|5 Oktober 2003|
Sebastian Gunawan: Glitz and glamor for everyday divas
Sebastian Gunawan is no pretender to the title "king of style". It's an honor he has earned during a decade in fashion, defined by the sumptuous glamor of his creations which have won many followers and created a new genre of Indonesian fashion.
It was thus wholly appropriate that his latest collection, marking the 10-year milestone in his career, was called "glitz and glam".
"The elements of glitter and glamor, when blended with elegant and feminine designs, will eventually produce inexhaustible beauty," said Sebastian, 36.
At the end of September, some 1,600 guests flocked to the Hotel Mulia Senayan in Central Jakarta, with design legend Iwan Tirta and celebrities such as singer Titi DJ among those taking the coveted front-row seats. His loyal clients, fashion journalists and other assorted members of the local fashionista had queued up to enter the ballroom and receive a souvenir -- a glossy, beautifully presented appointment book with pictures of his creations.
From the A-list guests to that attractive book and, of course, the designs, the event was what the French would praise as a spectacle.
It opened with models in blouses and skirts, dominated by black and white embroidery, coming down an orange acrylic catwalk set against a black background.
That wall was pulled back to reveal a two-story set of windows, with the models bathed in light and standing in each window wearing elegant long-sleeved dresses. In its creativity and ingenuity, Jakarta had seen nothing like it before.
The ending was no less spectacular: five models, in all-white wedding gowns, stood in the windows as the lights dimmed, creating a purplish haze. White confetti showered down on them from the ceiling, the merging of the festive and esthetic.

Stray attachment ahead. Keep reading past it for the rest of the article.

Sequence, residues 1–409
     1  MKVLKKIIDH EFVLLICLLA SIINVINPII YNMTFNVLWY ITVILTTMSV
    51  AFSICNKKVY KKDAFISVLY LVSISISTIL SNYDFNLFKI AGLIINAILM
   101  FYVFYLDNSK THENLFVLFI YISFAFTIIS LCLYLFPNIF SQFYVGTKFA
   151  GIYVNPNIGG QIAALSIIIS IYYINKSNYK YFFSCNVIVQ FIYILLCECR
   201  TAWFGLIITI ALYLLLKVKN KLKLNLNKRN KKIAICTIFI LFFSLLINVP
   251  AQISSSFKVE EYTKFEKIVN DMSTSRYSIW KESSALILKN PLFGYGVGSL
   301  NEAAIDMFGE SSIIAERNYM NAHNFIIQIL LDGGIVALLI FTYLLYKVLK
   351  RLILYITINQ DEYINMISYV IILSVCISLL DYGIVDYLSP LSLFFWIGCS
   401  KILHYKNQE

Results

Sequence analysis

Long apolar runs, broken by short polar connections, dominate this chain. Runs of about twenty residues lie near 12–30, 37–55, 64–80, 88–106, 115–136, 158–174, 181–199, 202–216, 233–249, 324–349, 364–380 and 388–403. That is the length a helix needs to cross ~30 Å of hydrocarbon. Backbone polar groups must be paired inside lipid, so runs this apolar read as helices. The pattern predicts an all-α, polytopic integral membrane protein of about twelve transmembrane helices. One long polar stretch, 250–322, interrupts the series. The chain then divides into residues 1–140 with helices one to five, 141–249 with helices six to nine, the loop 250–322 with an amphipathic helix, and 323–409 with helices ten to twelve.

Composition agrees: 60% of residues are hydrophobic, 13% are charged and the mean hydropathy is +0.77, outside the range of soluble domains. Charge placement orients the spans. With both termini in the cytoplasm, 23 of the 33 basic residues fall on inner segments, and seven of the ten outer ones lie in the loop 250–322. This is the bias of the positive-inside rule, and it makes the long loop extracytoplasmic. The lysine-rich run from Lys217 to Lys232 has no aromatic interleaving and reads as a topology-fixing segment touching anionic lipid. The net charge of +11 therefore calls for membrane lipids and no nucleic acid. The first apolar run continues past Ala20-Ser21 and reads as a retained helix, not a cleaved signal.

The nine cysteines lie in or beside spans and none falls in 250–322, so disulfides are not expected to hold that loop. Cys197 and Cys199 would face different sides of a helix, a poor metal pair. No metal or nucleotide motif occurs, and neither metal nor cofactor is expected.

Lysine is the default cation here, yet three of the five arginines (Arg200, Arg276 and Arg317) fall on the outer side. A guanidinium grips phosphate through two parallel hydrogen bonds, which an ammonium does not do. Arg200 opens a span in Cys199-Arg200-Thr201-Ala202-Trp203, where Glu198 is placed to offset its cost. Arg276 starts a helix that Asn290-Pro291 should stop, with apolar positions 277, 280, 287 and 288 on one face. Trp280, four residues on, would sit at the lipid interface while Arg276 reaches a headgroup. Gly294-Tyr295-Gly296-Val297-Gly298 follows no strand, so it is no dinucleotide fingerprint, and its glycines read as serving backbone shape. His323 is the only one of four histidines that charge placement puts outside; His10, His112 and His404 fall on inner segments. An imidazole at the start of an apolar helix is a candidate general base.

Stunning openings and finales are all well and good, but it is what comes in between -- the substance of the show -- that really matters.
Sebastian did not disappoint with his 98 designs, which were a fond look back to the styles of the dynamic 1960s.
"My mood is dominated by the 1960s era. In the 1950s, everything was regular. You wore gloves and a hat. But then, there was a revolt and a newfound freedom. The glamor was also different," he said.
For him, this freedom was reflected in simpler designs, with less decorative elements, including his famous use of beads. He focused instead on the cut and pattern, dominated by a prominent flower motif on soft chiffon.
Many of his designs were cut below the breast and fanned out, not in the childlike Mary Quant baby-doll style, but in long gowns with a tail detail or flowing shawl.
A long dress with a budding green flower motif, for example, was cut under the bust, with the shoulder strap combined with a long shawl trailing the steps of the wearer.
Broad sleeves seamed to the back part of the dress formed something like "wings", or what the designer termed his "Batman" look. An outsize ribbon was added to the back part of another dress, creating an impression of elegance and coquettishness.